The papers show a Brazilian mining engineer Bruno Lima looking to use New Zealand structures to run companies exporting chemicals banned in Brazil to Mexico. In the end he abandoned the idea and used the structure to import legal chemicals into Brazil.

And Mexico’s unpredictable and uncertain inheritance laws, which can’t guarantee family wealth goes to the right people, have been a rich source of business for Mossack Fonseca New Zealand and Bentleys.

Mexico City based Bald Eagle Services run by Michael del Vecchio is described as one of the local Mossack’s office best customers, and has sent a steady stream of wealthy Mexicans to set up New Zealand trusts to protect their estates.

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And one of the more intriguing constructions was set up for a Russian-speaking, Spanish based electrical engineer, Jose Ramon Lopez Lombana.

He asked for four New Zealand companies and four New Zealand trusts to be established to deal with four Mexican companies, which pass money and fees from internet trading through New Zealand to a bank account in Prague in the Czech Republic.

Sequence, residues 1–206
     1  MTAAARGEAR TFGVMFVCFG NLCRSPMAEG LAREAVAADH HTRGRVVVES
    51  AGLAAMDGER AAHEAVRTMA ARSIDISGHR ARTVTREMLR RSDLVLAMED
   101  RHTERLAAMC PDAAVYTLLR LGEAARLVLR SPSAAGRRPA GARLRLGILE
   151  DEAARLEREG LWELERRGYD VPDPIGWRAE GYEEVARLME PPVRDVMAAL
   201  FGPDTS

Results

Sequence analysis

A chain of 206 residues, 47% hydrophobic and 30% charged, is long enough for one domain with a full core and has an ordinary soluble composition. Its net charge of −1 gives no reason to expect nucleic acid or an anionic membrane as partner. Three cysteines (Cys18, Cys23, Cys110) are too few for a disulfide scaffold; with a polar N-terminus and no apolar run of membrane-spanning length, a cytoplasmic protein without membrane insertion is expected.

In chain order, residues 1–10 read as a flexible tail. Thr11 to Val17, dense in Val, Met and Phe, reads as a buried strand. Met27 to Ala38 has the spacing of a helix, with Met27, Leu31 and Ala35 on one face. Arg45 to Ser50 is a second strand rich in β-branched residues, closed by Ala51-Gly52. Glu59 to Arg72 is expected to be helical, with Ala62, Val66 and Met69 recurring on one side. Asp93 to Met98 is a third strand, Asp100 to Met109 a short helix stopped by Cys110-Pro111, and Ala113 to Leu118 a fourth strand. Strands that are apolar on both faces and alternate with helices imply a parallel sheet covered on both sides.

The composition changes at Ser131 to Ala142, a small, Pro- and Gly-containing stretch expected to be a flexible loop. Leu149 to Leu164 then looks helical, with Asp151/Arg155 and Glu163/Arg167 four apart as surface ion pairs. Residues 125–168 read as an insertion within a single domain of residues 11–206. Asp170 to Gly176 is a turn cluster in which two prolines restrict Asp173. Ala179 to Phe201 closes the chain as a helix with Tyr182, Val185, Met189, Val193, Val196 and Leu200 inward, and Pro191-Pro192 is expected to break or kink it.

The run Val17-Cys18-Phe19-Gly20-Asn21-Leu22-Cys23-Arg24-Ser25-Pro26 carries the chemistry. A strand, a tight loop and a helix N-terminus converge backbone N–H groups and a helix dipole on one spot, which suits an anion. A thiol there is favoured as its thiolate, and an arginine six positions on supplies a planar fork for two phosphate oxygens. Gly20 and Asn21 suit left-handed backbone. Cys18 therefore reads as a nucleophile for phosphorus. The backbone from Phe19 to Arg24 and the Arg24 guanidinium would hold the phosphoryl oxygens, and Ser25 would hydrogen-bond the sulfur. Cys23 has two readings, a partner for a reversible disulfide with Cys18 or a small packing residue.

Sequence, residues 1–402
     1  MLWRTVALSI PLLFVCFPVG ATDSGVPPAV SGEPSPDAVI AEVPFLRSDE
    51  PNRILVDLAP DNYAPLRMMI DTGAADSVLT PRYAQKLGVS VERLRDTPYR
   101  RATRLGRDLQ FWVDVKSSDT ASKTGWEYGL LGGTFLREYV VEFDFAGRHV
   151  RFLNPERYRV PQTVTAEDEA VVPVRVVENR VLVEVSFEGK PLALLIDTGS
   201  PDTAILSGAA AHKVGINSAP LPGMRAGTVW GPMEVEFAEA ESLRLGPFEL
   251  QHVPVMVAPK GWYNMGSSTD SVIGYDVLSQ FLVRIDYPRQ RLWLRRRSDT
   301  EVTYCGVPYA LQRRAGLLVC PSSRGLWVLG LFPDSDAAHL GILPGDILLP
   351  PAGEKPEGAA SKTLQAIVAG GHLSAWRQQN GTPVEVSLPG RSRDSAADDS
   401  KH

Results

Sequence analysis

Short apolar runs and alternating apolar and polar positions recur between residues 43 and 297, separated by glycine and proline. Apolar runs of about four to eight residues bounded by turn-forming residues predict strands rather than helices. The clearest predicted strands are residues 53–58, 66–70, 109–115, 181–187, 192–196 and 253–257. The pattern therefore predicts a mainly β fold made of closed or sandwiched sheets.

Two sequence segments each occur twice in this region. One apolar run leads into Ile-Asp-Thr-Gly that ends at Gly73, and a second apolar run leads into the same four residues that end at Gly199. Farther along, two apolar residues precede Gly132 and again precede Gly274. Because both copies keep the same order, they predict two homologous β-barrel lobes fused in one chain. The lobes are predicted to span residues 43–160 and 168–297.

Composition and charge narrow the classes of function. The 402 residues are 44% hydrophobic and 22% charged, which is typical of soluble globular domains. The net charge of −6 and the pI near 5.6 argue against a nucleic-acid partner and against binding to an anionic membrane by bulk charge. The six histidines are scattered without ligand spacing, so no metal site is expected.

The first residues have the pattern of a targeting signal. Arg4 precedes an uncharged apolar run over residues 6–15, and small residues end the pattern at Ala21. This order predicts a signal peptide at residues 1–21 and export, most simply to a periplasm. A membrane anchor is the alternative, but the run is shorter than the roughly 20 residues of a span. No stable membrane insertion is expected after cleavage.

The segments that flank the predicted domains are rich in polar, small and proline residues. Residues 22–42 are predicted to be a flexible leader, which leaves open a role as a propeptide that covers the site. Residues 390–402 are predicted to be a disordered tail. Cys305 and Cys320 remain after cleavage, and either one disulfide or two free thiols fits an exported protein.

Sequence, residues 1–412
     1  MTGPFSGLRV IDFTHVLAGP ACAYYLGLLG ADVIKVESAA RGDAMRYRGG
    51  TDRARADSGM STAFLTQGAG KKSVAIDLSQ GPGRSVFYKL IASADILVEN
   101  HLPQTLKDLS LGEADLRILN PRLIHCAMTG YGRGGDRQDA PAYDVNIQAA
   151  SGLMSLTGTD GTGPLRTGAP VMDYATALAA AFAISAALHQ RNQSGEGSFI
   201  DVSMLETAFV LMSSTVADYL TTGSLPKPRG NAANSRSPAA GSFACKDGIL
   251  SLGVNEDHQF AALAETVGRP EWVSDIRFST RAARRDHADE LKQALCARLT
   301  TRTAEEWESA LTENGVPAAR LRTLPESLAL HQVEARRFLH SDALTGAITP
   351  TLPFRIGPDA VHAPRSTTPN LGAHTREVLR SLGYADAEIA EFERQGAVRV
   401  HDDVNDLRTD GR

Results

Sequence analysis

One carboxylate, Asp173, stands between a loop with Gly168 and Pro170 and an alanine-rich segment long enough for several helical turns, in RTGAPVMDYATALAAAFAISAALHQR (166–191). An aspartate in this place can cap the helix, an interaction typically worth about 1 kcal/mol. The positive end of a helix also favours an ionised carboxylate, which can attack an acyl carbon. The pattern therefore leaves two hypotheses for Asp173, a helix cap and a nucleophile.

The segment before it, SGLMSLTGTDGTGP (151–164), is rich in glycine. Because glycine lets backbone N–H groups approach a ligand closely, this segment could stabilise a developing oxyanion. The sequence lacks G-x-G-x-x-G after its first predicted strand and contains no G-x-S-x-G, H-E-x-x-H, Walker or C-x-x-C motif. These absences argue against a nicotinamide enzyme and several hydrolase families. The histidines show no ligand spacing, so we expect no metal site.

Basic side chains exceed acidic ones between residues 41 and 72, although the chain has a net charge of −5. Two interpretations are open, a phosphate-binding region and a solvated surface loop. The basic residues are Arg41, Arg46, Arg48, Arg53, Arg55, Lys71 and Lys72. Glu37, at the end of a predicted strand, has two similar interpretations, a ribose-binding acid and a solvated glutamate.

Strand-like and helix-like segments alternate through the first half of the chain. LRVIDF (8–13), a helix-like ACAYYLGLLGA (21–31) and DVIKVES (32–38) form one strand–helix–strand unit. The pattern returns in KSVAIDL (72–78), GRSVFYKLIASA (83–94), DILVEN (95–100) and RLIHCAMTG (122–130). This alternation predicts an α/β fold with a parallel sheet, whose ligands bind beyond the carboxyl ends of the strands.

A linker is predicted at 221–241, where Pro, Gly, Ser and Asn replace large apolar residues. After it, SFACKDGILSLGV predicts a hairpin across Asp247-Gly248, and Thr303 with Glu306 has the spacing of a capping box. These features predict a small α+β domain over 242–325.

The Panama Papers provide a paper trail of deals, but rarely divulge the reasons for the New Zealand trusts and companies or the assets at the centre of the transactions.

Safe haven or tax haven?

The Organisation for Economic Co-operation and Development (OECD), which leads the global fight against tax dodges and money laundering says there are four main characteristics of tax havens:

  • little or no tax on a company’s income;
  • lack of transparency on the ownership and business of a company;
  • a company appears to do little or no business;
  • and no effective exchange of information between tax authorities.

The government has said New Zealand’s adherence to the OECD guidelines, the double taxation and information sharing agreements with scores of countries, and the Inland Revenue’s ability to seek information if need be, counter charges of New Zealand being a tax haven.

Roger Thompson rebutted any notion that the trusts and companies his company set up were used to dodge taxes, and said claims they were had been exaggerated.